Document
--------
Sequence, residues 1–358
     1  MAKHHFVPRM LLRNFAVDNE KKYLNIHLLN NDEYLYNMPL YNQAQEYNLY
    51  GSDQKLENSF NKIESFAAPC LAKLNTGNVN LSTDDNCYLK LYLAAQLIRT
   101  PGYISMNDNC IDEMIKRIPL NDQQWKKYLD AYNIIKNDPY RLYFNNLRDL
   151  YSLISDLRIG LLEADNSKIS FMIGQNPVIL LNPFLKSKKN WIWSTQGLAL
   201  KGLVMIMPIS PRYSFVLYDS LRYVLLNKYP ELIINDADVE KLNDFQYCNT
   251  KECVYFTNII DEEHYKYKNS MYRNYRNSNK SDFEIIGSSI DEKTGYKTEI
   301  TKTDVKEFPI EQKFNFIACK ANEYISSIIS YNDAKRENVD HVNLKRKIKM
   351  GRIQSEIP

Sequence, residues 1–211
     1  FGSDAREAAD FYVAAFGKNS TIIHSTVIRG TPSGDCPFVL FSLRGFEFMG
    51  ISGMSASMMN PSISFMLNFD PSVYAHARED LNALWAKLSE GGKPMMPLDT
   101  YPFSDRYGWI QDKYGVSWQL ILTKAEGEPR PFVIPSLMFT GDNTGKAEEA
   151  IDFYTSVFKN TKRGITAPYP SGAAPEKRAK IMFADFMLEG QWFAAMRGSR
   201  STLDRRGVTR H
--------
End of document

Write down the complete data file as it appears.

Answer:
Sequence, residues 1–358
     1  MAKHHFVPRM LLRNFAVDNE KKYLNIHLLN NDEYLYNMPL YNQAQEYNLY
    51  GSDQKLENSF NKIESFAAPC LAKLNTGNVN LSTDDNCYLK LYLAAQLIRT
   101  PGYISMNDNC IDEMIKRIPL NDQQWKKYLD AYNIIKNDPY RLYFNNLRDL
   151  YSLISDLRIG LLEADNSKIS FMIGQNPVIL LNPFLKSKKN WIWSTQGLAL
   201  KGLVMIMPIS PRYSFVLYDS LRYVLLNKYP ELIINDADVE KLNDFQYCNT
   251  KECVYFTNII DEEHYKYKNS MYRNYRNSNK SDFEIIGSSI DEKTGYKTEI
   301  TKTDVKEFPI EQKFNFIACK ANEYISSIIS YNDAKRENVD HVNLKRKIKM
   351  GRIQSEIP

Sequence, residues 1–211
     1  FGSDAREAAD FYVAAFGKNS TIIHSTVIRG TPSGDCPFVL FSLRGFEFMG
    51  ISGMSASMMN PSISFMLNFD PSVYAHARED LNALWAKLSE GGKPMMPLDT
   101  YPFSDRYGWI QDKYGVSWQL ILTKAEGEPR PFVIPSLMFT GDNTGKAEEA
   151  IDFYTSVFKN TKRGITAPYP SGAAPEKRAK IMFADFMLEG QWFAAMRGSR
   201  STLDRRGVTR H